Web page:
Millennium Post

Lost arts and broken hearts

An aging pahalwan left with memories of a glorious past, a sense of duty towards his clan and not much else. A tawaif, once the cynosure of the city’s rich and powerful, performing for a thinning crowd, wistfully remembering days that were. And the ruination of the inner city as new settlements come up around it.

Musharraf Ali Farooqi’s Between Clay and Dust is about two extraordinary characters, now in the twilight of their careers, looking for the last hurrah, even as the place they inhabit – an allegory to their once-glorious lives – caves in.

Ustad Ramzi, champion wrestler, head of a pahalwan
clan and the custodian of an akhara, is no longer the fighter he was. The purity of his art and the honour of his clan has been his life’s mission. But the time has come to pass on the baton and Ramzi finds his younger brother, the frivolous and indisciplined Tamami, wanting.

How long can Ramzi hold on to the title that younger, more powerful wrestlers from other clans covet? Tamami secretly desires his elder brother’s title and sees in himself a worthy successor, but Ramzi holds back. Is it because Tamami is callous about his duties, or is it Ramzi’s naked ambition of remaining Ustad-e-Zaman till his end?

Ramzi confronts his demons after he lets Tamami take on a challenger to his crown. Tamami, over-trained and unguarded, fights to kill. In his darkest hour, Ramzi deserts his younger brother and Tamami sinks into a world of drugs and depression – eventually dying without the glory of the title that his elder brother never lets him have.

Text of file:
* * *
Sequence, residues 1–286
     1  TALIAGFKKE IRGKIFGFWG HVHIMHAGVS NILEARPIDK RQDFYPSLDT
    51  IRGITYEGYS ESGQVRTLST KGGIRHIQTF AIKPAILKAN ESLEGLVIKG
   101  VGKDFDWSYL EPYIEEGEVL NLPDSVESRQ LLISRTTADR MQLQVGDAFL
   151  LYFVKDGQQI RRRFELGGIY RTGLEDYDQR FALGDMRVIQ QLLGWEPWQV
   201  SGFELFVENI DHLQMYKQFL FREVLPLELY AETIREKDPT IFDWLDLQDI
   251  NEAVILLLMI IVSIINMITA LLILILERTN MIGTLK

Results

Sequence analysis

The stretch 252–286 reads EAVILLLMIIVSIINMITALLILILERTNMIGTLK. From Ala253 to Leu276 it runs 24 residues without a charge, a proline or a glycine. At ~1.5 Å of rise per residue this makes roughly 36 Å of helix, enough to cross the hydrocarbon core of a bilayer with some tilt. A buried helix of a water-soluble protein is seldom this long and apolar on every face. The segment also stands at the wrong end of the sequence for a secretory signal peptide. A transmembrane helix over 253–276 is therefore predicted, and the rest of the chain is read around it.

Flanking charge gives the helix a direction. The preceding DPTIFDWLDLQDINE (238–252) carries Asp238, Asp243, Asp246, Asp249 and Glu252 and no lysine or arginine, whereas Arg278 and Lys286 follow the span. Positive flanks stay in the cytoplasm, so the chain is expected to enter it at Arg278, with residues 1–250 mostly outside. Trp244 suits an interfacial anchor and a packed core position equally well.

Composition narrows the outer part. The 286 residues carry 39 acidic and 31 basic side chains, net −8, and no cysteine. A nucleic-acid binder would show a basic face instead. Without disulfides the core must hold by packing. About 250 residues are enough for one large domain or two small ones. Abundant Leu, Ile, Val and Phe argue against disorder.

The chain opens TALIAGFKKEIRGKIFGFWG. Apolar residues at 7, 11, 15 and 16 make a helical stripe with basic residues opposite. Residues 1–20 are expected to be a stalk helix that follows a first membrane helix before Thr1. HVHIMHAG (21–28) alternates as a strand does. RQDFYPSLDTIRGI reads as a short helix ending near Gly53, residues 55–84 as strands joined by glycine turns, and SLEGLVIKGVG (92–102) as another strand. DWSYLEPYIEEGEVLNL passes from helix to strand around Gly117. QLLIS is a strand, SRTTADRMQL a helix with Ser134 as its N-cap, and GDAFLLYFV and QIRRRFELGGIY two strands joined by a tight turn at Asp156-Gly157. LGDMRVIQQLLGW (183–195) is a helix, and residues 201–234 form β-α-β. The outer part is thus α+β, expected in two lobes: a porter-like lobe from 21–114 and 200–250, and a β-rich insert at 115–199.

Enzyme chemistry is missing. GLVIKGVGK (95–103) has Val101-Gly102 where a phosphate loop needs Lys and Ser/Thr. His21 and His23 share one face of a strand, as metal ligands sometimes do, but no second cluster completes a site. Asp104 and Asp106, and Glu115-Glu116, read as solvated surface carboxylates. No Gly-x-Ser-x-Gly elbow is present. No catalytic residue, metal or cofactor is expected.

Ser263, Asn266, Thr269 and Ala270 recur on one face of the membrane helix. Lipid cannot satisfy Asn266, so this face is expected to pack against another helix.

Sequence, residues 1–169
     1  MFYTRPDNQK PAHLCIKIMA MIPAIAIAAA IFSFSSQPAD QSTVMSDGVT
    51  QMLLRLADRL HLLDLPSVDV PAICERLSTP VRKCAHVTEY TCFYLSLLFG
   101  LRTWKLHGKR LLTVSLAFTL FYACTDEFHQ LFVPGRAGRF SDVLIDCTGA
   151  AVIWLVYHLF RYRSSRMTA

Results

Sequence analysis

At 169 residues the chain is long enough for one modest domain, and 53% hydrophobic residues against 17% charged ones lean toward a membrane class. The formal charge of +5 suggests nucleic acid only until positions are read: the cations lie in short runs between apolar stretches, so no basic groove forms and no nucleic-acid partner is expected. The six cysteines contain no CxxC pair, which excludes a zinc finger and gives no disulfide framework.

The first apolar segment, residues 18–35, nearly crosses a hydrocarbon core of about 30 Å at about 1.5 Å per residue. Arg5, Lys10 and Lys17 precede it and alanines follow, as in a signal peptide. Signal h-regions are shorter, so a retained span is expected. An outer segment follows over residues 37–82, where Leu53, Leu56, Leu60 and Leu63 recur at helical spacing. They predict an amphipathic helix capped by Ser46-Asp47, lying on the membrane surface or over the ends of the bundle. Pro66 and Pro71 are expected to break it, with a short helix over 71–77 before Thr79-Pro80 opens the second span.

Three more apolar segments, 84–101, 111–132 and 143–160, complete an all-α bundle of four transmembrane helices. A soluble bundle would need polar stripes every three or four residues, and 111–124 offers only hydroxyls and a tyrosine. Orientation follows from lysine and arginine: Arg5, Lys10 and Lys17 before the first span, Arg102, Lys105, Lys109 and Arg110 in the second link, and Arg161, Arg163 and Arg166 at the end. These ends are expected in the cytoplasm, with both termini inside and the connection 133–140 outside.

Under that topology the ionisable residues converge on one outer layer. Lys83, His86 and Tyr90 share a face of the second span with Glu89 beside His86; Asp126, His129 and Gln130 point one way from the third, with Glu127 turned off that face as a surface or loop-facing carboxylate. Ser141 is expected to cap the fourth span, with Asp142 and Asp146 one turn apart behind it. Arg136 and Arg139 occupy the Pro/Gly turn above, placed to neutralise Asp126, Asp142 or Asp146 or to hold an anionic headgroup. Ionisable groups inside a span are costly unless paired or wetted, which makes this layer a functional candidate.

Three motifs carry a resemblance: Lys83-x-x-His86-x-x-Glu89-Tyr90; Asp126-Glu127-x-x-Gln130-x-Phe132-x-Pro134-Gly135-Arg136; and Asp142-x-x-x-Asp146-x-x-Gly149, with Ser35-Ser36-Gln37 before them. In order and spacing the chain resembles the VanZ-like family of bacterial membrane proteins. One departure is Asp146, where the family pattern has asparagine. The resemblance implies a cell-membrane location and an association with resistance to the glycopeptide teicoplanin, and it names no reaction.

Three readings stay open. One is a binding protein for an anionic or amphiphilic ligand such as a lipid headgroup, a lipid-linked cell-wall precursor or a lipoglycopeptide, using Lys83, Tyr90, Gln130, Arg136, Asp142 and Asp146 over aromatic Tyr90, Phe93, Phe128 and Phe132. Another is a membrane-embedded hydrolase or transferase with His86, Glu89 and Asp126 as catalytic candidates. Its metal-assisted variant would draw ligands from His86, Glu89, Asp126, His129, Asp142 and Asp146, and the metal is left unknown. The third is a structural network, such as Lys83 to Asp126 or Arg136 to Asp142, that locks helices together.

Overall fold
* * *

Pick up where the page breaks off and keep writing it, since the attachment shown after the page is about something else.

It’s only after his brother’s death that Ustad Ramzi takes a hard look at himself. ‘He could no longer avoid answering the questions which had haunted him since Imama’s (the challenger) death, and had subsequently taken on new meaning. Did the essence of his art not lie in creating a delicate harmony between strength and the opposing force? ....The base passions that he had detected in Tamami lived inside himself: in his anger, ambition and pride.’  

Running parallel to the Ramzi narrative is the story of Gohar Jan. The most sought after tawaif in town once, Gohar has to contend with advancing age and the wave of new morality that threatens to destabilise her kind.

There’s hope in her young protege, who could have taken over from her and saved the kotha. But Gohar chooses to marry her off instead, holding fort till the last customer leaves and the authorities decide to demolish the kothas.

Broken by fate and their own pride, these two unlikely people reach out to each other. Will Ramzi, a man of austere habits and frugal speech, give Gohar Jan the dignity that has been denied to her?

Will the title remain with the Ramzi clan and can the kothas be saved?

Between Clay and Dust is a moving narrative of passion and pride, and of unflinching ambition. Of one last shot at fame. Because winning is a habit, even when the game gets over.
Next Story
Share it